Is Paganini’s Caprice No. 5 on sax the most impressive display of circular breathing ever?
2 October 2017, 17:28
When his fans asked him whether he was trained as a classical musician, Pedro responded with this epic video.
Saxophonist Pedro Rafael Garcia Moreno, otherwise known as Pedrosaxo, has absolutely mastered Niccolò Paganini’s Caprice No. 5, all from memory – and it’s everything you could hope for.
Known by his fans for constantly striving to break both technical and artistic musical boundaries, as well as having a very unique personal style of playing the saxophone, Pedrosaxo has been asked numerous times whether he originally trained as a classical musician. This question was the motivation for this awe-inspiring video below and he definitely proved the extent of his talent.
Paganini's Caprice No. 5, originally composed for violin in the early 19th century, is considered to be one of the most technically difficult pieces for the violin and is known for its incredible speed.
“In order to play the Paganini like this, it took me several years and I have almost injured my tendons a few times due to the speed at which my fingers had to move. Also, I had to add the circular breathing and the double tonguing because I wanted to mimic a real interpretation of this caprice from a violinist's perspective,” said Pedro.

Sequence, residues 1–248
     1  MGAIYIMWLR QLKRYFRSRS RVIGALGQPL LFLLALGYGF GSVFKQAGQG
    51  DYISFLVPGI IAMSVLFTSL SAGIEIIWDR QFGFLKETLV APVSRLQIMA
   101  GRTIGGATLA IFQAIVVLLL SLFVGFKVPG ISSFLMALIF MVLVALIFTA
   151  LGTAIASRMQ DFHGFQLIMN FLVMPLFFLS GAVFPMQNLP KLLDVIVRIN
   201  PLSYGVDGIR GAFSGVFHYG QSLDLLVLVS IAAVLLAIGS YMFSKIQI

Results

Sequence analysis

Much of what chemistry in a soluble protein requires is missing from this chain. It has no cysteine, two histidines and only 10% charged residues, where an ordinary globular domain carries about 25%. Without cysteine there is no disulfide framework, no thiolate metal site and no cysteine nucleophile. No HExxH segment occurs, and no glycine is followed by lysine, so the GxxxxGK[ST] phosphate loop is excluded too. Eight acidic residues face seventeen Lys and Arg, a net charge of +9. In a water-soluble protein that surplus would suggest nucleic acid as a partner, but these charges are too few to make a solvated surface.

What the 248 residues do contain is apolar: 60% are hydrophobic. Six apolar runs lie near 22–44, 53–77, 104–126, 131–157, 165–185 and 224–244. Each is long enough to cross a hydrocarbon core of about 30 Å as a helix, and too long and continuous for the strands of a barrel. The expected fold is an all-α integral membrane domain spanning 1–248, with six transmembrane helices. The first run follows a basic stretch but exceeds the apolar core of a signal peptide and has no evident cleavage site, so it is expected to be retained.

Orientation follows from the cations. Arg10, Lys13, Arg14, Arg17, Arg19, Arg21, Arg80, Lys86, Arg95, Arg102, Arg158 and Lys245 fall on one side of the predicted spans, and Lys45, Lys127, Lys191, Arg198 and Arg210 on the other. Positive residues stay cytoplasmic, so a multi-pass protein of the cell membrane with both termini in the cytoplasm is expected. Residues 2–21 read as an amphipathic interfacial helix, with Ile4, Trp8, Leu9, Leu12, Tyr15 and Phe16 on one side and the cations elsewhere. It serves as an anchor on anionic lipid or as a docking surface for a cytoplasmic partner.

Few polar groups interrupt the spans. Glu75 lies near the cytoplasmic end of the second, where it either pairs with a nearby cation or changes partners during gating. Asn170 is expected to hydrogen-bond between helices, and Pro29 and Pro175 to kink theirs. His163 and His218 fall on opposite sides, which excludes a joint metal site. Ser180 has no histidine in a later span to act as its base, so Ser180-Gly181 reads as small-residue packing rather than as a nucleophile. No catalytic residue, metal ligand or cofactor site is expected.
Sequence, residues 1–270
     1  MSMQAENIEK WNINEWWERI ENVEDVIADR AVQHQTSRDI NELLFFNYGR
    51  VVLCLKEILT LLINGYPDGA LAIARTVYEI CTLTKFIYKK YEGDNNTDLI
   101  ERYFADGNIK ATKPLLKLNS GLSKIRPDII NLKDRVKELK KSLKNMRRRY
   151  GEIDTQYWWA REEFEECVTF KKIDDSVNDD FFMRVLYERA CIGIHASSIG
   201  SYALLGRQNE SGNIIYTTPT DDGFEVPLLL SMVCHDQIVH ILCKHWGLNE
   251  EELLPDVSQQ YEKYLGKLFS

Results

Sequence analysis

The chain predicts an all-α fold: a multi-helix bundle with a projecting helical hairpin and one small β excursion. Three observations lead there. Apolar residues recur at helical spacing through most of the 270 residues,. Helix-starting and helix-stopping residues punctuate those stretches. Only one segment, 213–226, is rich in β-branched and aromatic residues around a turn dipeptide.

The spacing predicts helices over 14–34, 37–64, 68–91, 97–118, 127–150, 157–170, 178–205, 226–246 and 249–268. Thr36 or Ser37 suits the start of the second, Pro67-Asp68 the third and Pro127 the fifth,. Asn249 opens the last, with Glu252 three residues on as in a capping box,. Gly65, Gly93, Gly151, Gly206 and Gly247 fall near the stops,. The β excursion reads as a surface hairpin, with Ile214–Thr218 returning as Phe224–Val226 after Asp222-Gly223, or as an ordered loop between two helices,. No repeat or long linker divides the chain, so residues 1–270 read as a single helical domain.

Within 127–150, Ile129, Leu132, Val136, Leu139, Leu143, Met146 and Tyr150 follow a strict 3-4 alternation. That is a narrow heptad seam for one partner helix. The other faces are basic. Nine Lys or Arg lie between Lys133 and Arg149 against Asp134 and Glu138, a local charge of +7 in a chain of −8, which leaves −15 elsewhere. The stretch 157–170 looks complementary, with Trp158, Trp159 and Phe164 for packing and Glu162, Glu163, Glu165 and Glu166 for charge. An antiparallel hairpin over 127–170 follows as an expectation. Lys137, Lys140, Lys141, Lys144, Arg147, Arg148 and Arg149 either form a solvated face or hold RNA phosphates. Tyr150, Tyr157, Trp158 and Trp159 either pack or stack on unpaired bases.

Pedro also admitted this is “one of the most exceptional challenges he has ever faced”, but a huge personal accomplishment.
Pedrosaxo studied at the Conservatory of Granada, Spain, and now lives in Nashville, Tennessee, while working as a saxophone professor at Middle Tennessee State University. And he isn’t just a YouTube sensation – he has appeared as a finalist on Spain’s Got Talent and has also performed across the United States, Europe and Asia.
If this got you in the mood for more impressive Paganini Caprices, check out this version of his No. 24 on flute...
And to perfect your circular breathing, watch Alexander Armstrong learn from the best, Australian saxophonist Amy Dickson...